An Open Source Tool for Disaster Relief
October 11, 2017

(Source for Above Map)

During their March DataDive, DataKind DC and Catholic Charities USA (CCUSA) partnered to create a map to help support the organization’s efforts  for disaster assistance to individuals and families before, during, and after a tragedy hits.  

CCUSA provides the holistic and compassionate care needed to help individuals impacted by disaster recover and move forward. They wanted to create a map to better target mitigation, preparedness, relief and recovery projects in order to best serve communities that are both at greatest risk for disasters, most overlooked, and/or are ineligible for FEMA assistance.

DataKind DC used the Center for Disease Control and Prevention’s (CDC) Social Vulnerability Index and a proprietary natural disaster dataset (generously donated by ATTOM Data Solutions) to develop this map using Mapbox, R, and D3.js. Version 1.0 was released this past August, just in time to help understand vulnerable populations in the wake of Hurricane Harvey.

Understanding Vulnerable Populations and Hurricane Harvey

The map showed that Houston, along with many of the counties in Hurricane Harvey's path are socially vulnerable, in particular the eight counties along the coastline where Texas issued mandatory evacuations. Every single one of these counties were found to be at least in the 80th percentile for Crowding as well as the 80th percentile for Speak English Less than Well, meaning that these counties are more vulnerable than at least 80 percent of other counties across the United States with respect to each of those two categories.

The majority of the population in most of the counties are also primarily Minorities, Single Parent Households, and Aged 17 and Under, again in at least the 80th percentile for each of these categories/demographics. In addition, Aransas County is in the 96th percentile for populations Aged 65 and Over and the 93rd percentile for Disability. Understanding these percentiles helps local relief agencies provide the assistance needed for their particular community. For example, if the community is in a high percentile for Speak English Less than Well, it is critical to identify the primary languages and find volunteers who are fluent in those languages for any community outreach.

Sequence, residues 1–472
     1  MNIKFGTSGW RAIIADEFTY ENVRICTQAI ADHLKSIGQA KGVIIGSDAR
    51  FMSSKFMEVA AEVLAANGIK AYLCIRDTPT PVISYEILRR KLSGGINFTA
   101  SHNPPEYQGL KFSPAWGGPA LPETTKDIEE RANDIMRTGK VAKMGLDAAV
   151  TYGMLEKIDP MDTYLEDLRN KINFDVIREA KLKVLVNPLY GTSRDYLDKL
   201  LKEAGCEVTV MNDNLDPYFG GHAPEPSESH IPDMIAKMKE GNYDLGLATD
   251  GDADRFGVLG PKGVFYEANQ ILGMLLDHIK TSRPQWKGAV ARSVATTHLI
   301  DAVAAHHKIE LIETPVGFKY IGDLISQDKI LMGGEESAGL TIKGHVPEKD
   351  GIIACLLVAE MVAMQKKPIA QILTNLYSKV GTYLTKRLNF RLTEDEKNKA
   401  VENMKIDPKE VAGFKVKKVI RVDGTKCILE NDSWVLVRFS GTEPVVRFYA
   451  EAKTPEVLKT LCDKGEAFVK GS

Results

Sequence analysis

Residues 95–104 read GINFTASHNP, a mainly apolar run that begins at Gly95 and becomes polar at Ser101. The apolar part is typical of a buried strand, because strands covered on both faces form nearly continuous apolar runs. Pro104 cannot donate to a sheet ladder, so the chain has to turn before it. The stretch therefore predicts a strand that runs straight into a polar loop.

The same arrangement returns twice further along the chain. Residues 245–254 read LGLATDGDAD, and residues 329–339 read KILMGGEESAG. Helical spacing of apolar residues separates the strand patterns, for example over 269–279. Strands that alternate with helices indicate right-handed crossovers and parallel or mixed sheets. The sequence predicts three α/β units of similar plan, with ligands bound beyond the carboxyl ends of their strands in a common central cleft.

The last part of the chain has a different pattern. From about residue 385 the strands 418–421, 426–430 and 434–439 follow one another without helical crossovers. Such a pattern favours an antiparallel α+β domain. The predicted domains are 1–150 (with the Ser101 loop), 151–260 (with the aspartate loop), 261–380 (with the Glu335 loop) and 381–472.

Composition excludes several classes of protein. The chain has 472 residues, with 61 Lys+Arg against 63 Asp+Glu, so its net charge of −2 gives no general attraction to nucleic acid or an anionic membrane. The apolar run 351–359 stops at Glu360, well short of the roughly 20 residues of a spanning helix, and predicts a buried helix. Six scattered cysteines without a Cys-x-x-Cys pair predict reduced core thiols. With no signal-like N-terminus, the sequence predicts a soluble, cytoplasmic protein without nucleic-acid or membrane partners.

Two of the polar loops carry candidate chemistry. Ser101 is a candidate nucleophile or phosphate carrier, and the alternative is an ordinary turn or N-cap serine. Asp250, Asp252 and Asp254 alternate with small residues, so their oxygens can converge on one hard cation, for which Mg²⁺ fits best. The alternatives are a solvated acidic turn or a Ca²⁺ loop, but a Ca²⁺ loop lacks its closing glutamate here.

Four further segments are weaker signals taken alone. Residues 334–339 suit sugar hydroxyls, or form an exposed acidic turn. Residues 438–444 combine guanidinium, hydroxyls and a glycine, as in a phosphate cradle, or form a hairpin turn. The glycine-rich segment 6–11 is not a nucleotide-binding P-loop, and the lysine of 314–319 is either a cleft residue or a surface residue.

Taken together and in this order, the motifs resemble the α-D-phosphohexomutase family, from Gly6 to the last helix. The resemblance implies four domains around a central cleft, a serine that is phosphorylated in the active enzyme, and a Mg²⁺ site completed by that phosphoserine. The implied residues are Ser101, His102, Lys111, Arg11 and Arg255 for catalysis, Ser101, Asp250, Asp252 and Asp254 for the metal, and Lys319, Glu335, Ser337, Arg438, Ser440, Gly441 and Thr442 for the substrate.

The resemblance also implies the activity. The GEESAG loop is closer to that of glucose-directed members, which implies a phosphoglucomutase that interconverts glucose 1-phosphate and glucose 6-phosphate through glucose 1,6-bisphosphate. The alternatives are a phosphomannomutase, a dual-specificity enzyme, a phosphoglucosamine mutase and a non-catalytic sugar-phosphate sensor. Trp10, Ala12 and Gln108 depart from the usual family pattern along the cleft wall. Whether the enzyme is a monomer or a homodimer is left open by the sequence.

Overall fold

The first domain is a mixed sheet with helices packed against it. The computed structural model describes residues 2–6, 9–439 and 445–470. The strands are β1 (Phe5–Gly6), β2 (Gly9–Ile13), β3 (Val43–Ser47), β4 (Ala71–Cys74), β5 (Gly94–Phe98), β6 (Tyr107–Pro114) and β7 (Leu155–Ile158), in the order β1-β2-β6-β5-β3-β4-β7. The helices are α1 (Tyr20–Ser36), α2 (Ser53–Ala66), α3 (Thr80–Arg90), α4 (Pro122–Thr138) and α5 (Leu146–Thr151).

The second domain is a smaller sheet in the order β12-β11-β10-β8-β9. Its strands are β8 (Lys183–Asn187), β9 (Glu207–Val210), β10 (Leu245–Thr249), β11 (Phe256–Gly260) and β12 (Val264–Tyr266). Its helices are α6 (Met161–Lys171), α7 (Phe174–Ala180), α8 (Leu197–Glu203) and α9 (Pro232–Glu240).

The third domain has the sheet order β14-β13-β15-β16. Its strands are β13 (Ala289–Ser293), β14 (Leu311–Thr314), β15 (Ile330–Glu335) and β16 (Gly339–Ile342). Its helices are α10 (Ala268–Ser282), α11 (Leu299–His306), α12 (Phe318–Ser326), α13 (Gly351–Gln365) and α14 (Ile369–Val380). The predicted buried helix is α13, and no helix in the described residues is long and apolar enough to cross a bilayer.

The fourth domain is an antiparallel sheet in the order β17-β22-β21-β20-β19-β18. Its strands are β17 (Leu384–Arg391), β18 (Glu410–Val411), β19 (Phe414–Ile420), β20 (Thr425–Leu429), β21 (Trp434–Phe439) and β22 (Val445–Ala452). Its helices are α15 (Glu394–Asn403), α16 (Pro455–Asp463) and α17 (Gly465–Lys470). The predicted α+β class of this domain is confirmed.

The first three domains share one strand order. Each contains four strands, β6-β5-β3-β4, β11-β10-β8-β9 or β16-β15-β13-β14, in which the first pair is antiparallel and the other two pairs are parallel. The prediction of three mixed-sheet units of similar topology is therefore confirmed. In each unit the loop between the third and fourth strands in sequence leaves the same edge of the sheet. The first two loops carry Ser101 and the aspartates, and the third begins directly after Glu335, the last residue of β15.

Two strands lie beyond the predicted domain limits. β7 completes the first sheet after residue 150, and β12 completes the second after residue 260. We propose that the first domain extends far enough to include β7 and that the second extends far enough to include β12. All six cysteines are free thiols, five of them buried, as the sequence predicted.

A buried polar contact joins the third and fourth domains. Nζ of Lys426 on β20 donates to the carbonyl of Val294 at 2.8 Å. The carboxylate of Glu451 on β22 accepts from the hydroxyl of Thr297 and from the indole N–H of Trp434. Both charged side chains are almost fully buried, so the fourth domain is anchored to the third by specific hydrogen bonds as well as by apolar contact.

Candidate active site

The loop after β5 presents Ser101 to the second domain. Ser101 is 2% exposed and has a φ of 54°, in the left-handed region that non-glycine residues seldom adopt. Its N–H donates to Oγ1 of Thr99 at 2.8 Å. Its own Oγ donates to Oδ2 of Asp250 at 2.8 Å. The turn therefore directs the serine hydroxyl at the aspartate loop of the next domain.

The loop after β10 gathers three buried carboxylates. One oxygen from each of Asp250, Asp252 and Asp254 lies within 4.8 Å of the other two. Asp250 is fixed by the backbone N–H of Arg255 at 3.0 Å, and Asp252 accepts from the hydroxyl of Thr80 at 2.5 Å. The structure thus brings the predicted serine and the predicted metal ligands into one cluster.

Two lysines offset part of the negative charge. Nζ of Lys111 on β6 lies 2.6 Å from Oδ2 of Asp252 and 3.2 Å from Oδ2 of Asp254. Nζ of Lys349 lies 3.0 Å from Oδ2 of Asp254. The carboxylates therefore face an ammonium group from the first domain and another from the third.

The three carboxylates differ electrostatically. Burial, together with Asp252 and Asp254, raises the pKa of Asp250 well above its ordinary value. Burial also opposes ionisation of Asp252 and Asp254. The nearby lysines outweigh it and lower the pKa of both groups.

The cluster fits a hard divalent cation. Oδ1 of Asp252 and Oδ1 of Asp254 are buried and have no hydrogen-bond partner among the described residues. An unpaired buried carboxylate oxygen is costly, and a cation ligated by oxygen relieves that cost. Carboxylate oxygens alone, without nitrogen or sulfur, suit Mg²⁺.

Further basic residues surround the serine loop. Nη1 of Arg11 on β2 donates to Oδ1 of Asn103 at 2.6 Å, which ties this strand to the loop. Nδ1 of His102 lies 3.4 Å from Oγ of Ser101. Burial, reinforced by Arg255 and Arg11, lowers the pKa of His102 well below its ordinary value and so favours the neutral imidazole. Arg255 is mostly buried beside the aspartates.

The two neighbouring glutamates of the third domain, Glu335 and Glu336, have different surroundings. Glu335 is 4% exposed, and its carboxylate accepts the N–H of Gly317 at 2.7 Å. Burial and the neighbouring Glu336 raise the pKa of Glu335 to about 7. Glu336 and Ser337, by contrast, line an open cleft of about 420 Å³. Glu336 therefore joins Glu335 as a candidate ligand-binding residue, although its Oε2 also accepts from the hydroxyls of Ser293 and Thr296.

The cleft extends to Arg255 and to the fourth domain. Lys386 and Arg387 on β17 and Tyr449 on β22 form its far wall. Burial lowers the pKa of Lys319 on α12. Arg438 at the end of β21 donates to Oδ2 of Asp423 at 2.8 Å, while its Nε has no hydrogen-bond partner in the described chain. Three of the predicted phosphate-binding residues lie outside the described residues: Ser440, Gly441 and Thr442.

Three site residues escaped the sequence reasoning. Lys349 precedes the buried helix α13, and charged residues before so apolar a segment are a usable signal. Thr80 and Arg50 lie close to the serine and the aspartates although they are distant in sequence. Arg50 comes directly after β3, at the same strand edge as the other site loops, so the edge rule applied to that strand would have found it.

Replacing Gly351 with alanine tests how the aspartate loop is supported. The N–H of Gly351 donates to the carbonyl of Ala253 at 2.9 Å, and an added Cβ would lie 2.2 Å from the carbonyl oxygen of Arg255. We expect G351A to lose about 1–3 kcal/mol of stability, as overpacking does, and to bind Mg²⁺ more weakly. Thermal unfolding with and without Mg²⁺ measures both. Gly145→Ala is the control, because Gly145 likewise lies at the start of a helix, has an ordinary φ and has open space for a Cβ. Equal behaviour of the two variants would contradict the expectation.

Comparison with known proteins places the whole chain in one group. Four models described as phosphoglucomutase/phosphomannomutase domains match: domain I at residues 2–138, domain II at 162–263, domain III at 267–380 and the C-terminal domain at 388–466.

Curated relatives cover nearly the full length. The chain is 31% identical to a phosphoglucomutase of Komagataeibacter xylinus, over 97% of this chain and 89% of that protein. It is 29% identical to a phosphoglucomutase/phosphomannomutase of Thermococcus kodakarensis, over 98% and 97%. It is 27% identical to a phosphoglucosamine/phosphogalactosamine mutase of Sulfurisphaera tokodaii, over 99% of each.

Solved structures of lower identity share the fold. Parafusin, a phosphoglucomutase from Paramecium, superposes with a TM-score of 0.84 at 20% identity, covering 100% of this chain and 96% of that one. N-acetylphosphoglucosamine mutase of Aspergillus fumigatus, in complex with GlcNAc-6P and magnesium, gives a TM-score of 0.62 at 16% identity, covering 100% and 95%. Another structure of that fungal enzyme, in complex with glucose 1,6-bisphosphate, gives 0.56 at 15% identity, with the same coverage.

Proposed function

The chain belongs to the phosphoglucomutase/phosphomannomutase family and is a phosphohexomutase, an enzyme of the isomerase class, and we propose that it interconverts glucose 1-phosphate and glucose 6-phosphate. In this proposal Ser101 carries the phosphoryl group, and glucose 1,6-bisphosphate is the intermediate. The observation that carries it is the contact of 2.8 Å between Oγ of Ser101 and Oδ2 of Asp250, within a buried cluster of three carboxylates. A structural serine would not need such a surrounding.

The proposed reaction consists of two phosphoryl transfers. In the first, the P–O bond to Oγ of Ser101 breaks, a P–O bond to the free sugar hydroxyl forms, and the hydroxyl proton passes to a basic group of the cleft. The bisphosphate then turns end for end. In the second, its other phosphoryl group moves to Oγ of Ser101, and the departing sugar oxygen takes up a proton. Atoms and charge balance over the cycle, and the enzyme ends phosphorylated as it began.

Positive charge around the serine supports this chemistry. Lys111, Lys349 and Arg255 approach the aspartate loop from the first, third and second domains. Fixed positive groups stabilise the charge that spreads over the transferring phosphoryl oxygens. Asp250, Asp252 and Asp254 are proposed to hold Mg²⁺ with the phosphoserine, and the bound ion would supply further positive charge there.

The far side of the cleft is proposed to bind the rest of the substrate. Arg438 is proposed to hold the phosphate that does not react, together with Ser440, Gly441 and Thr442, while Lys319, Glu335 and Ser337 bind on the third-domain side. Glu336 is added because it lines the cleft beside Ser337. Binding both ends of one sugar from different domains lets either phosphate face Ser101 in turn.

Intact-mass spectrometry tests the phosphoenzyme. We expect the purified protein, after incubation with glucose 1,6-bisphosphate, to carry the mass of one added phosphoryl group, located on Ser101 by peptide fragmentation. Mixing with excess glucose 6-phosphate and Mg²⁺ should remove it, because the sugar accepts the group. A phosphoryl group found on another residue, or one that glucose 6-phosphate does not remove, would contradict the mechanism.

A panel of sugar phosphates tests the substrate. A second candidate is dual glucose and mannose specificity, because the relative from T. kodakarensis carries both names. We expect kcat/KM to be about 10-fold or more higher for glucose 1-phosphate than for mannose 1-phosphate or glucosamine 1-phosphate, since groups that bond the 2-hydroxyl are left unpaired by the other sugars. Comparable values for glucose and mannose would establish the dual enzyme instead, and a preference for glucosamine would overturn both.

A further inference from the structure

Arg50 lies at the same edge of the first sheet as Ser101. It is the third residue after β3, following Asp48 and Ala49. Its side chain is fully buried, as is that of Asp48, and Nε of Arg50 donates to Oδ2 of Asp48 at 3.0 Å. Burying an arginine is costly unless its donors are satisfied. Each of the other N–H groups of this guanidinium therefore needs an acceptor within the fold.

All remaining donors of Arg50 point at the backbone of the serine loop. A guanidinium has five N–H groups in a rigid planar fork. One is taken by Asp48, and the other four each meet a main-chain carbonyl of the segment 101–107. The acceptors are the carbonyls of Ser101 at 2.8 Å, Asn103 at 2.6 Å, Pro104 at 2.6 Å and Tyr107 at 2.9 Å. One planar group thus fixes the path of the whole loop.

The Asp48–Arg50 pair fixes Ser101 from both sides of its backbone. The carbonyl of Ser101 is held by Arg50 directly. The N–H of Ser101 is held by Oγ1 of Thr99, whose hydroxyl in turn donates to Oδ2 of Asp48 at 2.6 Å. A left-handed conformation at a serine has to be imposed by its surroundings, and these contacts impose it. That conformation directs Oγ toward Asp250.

Houston shows similar vulnerable areas, but many of the census tracts within Harris County are particularly vulnerable with Socioeconomic Status and Minority Status/Language. 34 census tracts are in the 90th percentile for at least 9 of the 15 different categories of vulnerability. The most vulnerable census tracts are in extremely high percentiles for the following categories: Aged 17 and Under, Below Poverty*, No High School Diploma, Minority, and Crowding.

While the coastal counties seem to be especially vulnerable when it comes to transportation and communication concerns, Houston has many people that will be susceptible to post-hurricane issues, such as receiving aid for rebuilding their homes and returning to their lives.

*Below Poverty is the percentile of persons below the poverty line. A higher percentile indicates a greater number of people below the poverty line.

Our Partners

Working with CCUSA has been a wonderful and inspirational experience. The map has already been used to help local relief agencies better identify and understand social vulnerability in their communities to inform planning around disaster response. With the unforgiving weather and devastating events the world has experienced in this year alone, from the earthquakes in Mexico to the hurricanes in the Atlantic and the wildfires in the West, we’re hoping that this open source tool will be able to help the CCUSA and other organizations reach and support even more individuals and communities in need.

In the aftermath of Hurricane Maria, local relief agencies wanted to use this map to help efforts in Puerto Rico as well. Thanks to a quick response from the team and our partners at MapBox, we were able to update the map in a few hours to include coverage of Puerto Rico. It is projects like this, with the potential to save lives and improve welfare, that really drive and motivate our volunteers to be their best.

If you’d like to support the communities impacted by Hurricanes Irma, Harvey and Maria, donate here. A hundred percent of the funds raised will go directly towards disaster relief efforts.


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